As craft continues to demand more aroma hops, acreage and production alike increased yet again this year, while average yields per acre continue to decline largely due to new acreage and lower yielding varieties growing in share. Still, the 2016 hop harvest saw an increase of 8.3 million more pounds, 87.1 million total, of U.S. hops set for brew kettles around the globe.
According to the USDA National Agriculture Statistics Service (NASS) report released December 16, production increased 11 percent in 2016, rising in all three major producing states of Idaho, Oregon and Washington.
Earlier this year, the USDA estimated a 16 percent increase (91.8 million total rather than 8.3), yet that was calculating only a 3 pound drop in pounds per acre on production despite an estimate of the new acreage being approximately 70 percent lower yielding popular aromas. Ultimately, 2016 saw a 94 pound drop in production on pounds per acre.
“While some varieties — most notably bittering hop CTZ — didn’t fare as well due to mildew and climatic pressure, brewers are putting in orders for hops that have exciting aromas, but simply do not yield as much per acre,” said Blake Crosby, vice president of Hop Growers of America and president of Crosby Hop Farm, LLC. “As an industry we are happy to plant these, but more acres are required to deliver the same amount, pound for pound.”
Washington growers produced 75 percent of the United States hop crop for 2016. Cascade, Simcoe, Zeus, Centennial, Citra and Mosaic were the six leading varieties in Washington, accounting for about 58 percent of the state’s hop crop.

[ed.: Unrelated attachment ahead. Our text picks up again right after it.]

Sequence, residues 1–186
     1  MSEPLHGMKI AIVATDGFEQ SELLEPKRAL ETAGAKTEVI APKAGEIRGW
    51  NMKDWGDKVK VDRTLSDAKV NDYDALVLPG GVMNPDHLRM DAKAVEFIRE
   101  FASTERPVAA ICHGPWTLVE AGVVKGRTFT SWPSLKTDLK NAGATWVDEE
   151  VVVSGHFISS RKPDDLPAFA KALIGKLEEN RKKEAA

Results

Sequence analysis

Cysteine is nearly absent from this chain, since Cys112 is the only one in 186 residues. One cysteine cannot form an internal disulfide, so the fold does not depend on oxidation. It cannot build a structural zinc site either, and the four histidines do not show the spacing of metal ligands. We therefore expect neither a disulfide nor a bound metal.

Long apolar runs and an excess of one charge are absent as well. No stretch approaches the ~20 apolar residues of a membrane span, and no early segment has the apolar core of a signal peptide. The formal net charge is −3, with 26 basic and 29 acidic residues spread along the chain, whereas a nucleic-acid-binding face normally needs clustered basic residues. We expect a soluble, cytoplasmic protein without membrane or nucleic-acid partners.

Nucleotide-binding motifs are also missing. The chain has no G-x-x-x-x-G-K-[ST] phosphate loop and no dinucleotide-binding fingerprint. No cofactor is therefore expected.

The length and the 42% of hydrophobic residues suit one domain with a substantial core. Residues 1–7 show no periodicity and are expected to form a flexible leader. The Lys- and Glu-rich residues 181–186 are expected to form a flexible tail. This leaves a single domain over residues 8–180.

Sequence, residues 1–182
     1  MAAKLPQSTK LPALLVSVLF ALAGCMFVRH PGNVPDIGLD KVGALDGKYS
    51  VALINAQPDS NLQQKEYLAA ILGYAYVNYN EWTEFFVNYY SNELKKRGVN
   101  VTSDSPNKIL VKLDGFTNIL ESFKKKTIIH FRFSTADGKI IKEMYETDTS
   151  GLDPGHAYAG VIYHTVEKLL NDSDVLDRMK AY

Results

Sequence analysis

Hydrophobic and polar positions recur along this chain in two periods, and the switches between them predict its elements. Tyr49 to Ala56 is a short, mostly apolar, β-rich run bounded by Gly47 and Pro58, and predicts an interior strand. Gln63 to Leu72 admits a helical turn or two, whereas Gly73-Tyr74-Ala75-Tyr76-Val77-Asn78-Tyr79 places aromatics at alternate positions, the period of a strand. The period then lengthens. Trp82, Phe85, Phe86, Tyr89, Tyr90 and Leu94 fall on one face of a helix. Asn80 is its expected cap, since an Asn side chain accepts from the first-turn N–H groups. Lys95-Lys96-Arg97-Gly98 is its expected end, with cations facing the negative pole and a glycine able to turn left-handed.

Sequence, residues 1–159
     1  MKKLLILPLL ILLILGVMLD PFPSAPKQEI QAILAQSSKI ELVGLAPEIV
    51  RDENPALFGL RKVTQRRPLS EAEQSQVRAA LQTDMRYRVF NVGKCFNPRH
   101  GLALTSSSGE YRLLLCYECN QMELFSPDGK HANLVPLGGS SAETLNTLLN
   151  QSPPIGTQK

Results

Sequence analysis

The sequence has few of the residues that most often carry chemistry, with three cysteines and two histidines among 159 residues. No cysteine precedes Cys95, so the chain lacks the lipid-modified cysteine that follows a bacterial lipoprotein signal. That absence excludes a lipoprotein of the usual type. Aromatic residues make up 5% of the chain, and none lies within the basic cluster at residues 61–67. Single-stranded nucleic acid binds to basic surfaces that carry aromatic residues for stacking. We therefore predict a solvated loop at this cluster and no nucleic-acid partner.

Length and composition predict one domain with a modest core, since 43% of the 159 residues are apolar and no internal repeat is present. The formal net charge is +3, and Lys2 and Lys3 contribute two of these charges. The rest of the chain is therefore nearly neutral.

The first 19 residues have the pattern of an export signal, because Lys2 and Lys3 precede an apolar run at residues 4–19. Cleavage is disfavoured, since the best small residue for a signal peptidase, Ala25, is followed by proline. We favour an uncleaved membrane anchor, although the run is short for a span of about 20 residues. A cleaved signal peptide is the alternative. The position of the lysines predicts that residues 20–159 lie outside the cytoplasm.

In Oregon, Nugget, Cascade and Willamette were the major varieties, accounting for 49 percent of the state’s hop production. In Idaho, Zeus, Cascade and Mosaic were the major varieties, accounting for 42 percent of the state’s hop production.
The 2016 value of production of the United States hop crop totaled $498 million, up 44 percent from the record 2015 value of $345 million. The increased value can be attributed to the higher hop acreage and production, and the continued trend to shift hop production from alpha varieties to aroma varieties that are higher in value. This shift occurred in all three states and resulted in a higher average price per pound in Idaho, Oregon and Washington
So, will this meet demand? (or exceed it?)
As for meeting the growing demand for breweries, USA Hops is optimistic that the majority of the acreage increase is going to high-demand aromas and that the USDA NASS stock reports continue to rise (meaning hops carried over from the previous harvest). Thanks to a long shelf life, hops harvested in 2015 are still great options for brewers.
“As the changing landscape of the hop and brewing industries adjust together, both are working simultaneously to ensure they are communicating effectively through contracts,” said Ann George, executive director of Hop Growers of America. “Our growers are working hard to meet what can feel like an insatiable demand.”
“Time will tell when we get later in the year if enough was contracted and planted,” said Crosby. “The line between under and oversupply is a fine one, and it’s not good for anyone — growers and brewers — if it is crossed. People can tend to forget this is an agricultural product that only comes once a year, and a specialty one at that, which requires much planning and preparation. Overall, as an industry we feel good about 2016, but we’ve already moved on and are working on 2017.
Hop contracts are as important as ever. Here are some tips for going about that the right way.